If you’re a poet, you’re probably familiar with some version of that relaxed-yet-focused, semi-trance state in which the best lines and ideas come to the surface. I’m sure other artists get into that zone as well. For me, its strongest analogy is to hypnagogia (thanks for the word, Natalie!): it is a mild kind of threshold consciousness characterized by increased receptivity and suggestibility. As with actual hypnagogia, it’s a state that often yields real insights. But it’s not so different, either, from that state of attention I found myself in this morning, watching the grasshopper probe the ground with her ovipositor, or earlier, on the porch, listening to goldfinches and watching them glean seeds from the wild thistle. I was open, I was vulnerable, I was letting things in.

13 Comments


  1. “the vulnerability of a rapt observer is real and not theoretical”

    I hadn’t thought of that, but it is true in both the literal and figurative sense.
    I also appreciate the point about your need to write for Morning Porch forcing you to pay attention. As I get back into writing and branch out into other mediums I feel less one-dimensional in my perception of the world around me. It’s far more fun but also a bit overwhelming.

    Reply

    1. It can be overwhelming, sure. Fortunately, we’re never more than a few clicks away from some suitably mindless entertainment to unwind with. I don’t believe full attention is a desirable state to inhabit in all our waking hours.

      Reply

  2. As a teen-ager I felt the first stirrings of an interest in plants. Nobody in my life knew plant names beyond the obvious dandelions and violets.

    I remember thinking, “Surely this plant has a name… but how do you find it?”

    I also remember the revelation when I first realized that “it’s the flowers, stupid!”. The Peterson wildflower field guide led me to that realization.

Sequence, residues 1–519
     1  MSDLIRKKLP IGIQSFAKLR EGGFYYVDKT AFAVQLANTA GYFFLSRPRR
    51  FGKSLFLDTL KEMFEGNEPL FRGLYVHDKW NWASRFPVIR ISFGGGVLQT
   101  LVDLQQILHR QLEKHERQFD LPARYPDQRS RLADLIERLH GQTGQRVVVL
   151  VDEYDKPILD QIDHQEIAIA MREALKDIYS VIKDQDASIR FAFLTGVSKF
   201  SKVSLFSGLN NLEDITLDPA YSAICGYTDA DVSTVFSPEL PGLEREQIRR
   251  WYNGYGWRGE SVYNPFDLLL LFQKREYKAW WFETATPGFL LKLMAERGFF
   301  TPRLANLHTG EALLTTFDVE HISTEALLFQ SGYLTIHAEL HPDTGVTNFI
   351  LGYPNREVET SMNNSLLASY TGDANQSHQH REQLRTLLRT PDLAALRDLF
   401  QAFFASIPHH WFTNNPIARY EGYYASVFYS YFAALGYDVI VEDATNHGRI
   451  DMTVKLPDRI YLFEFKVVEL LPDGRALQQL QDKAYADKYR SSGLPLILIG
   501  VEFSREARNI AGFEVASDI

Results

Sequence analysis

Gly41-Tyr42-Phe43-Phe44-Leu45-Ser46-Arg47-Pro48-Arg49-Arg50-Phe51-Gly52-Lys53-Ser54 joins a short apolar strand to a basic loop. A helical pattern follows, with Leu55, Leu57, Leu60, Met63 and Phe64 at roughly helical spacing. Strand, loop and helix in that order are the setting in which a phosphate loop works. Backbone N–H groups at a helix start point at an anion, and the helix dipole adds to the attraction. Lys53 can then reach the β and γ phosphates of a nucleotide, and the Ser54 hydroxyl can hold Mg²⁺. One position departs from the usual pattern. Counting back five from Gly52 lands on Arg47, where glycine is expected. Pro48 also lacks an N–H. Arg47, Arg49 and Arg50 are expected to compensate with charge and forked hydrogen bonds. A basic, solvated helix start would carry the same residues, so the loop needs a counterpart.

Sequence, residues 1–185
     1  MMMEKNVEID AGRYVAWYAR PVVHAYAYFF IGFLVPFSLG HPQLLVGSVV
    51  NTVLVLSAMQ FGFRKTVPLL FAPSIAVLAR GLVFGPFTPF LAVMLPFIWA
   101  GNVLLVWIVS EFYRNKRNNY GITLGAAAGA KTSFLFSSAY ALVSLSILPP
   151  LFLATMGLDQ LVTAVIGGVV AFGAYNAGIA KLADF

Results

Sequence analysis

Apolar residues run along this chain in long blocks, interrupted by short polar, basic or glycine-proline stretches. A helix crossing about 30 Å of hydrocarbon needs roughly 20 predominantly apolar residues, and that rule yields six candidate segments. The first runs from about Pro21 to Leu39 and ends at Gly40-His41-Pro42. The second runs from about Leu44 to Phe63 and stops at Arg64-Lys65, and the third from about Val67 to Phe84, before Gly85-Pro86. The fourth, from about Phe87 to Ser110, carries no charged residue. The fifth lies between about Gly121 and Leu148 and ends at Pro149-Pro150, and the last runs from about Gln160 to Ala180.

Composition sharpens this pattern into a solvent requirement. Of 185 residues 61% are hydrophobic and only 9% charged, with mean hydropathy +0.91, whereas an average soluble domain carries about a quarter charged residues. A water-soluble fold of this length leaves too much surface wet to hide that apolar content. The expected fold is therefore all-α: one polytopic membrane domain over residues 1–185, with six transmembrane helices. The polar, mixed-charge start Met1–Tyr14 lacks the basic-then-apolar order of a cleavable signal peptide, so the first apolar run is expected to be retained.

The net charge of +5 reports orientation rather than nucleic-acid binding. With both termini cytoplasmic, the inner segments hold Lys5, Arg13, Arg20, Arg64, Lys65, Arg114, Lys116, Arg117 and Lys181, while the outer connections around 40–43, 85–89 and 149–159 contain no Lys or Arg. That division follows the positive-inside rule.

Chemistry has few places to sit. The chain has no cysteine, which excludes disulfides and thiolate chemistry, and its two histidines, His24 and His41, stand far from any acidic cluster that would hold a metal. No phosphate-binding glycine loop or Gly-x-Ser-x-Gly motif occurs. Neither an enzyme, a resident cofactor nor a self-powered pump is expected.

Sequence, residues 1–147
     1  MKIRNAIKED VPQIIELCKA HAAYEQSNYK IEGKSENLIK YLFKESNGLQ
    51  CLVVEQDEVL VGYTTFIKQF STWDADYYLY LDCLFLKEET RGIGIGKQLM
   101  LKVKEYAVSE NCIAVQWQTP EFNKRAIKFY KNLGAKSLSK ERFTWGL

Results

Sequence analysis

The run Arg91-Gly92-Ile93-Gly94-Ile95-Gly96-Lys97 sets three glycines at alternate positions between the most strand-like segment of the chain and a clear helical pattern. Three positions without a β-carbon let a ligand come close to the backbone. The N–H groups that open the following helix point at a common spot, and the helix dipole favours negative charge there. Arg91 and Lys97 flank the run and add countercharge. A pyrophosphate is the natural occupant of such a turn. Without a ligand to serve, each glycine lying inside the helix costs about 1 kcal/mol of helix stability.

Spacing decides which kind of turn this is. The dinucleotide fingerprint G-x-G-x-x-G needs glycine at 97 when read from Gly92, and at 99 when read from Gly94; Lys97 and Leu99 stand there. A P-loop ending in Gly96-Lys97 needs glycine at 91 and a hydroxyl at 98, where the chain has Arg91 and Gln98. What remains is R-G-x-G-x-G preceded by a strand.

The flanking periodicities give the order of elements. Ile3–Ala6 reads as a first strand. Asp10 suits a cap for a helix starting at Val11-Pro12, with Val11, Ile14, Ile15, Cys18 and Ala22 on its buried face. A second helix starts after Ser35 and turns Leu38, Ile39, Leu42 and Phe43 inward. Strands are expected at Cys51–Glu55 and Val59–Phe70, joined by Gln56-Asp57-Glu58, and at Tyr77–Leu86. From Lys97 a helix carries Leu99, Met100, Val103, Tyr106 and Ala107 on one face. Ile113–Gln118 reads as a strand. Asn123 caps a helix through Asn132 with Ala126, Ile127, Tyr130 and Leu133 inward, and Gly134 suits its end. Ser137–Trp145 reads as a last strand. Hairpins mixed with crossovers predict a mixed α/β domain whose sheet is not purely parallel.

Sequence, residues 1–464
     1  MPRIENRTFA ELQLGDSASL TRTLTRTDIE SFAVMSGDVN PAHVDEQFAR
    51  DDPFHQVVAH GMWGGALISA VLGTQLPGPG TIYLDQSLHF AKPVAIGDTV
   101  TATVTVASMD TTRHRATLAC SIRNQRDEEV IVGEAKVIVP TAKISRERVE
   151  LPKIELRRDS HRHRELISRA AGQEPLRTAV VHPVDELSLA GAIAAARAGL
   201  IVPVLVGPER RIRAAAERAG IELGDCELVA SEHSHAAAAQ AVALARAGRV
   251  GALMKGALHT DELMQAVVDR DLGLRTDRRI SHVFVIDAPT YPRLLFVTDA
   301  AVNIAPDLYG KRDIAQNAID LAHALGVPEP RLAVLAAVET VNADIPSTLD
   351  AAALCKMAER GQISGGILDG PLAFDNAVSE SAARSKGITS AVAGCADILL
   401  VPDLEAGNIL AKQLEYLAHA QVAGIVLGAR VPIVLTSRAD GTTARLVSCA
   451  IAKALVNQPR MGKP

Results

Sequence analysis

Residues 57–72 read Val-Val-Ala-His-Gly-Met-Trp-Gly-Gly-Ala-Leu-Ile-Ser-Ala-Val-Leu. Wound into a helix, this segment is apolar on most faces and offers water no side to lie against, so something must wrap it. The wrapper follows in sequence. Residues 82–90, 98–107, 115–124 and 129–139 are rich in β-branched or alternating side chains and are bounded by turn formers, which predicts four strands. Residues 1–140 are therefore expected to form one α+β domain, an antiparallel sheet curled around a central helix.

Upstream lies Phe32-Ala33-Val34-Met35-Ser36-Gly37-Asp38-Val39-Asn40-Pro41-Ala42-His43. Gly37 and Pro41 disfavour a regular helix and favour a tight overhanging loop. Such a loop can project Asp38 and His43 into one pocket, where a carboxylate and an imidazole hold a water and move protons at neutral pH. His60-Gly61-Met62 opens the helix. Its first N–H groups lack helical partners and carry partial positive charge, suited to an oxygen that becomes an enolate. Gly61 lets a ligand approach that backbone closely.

In later years I was “keying out” plants; nothing will force you to pay close attention to a plant like using a binomial taxonomy-based key. It’s not the only mode of paying attention, and probably not the best, but it’s a start.

    I remember and enjoy the Latin names of plants. Some are a kind of poetry, as are some common names.

    Reply

    1. I envy you your memory, Larry. And thanks for sharing that story. I think many of us have had a similar experience. Just learning how damn many creatures we share the planet with would probably blow a lot of people’s minds. But you can follow the news forever and never learn such a basic, essential fact.

      Reply

  3. I still resist, sometimes, learning the names for things. But it’s an immensely complicated thing. We (rightly, I think) apologize to someone for forgetting their proper name, even when we remember *them* perfectly well — we’ve forgotten not them, but an observance due to them. On the other hand, a professor of linguistics pointed out to me one time, as a basic rule of linguistic change, that people almost always create pet names for the people and things that are dearest and closest to them.

    I love what you say about vulnerability and attention.

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    1. Dale, the subject of naming is definitely way more ambiguous than I credit here. For example, there’s a strong sense in which naming something gives one power over it — hence of course the many cultures where people have secret or ritual names which are considered their real names, apart from the ones in everyday use. For species, I try to remember that our own names, even the Latin binomials, are provisional — arbitrary handles.

      Reply

  4. Nice! I saw the tiniest of tiny grasshoppers the other day, no bigger than a small ant, but still a grasshopper in every way! I could only imagine what a small, high, almost inaudible chirp he added to every night’s chorus!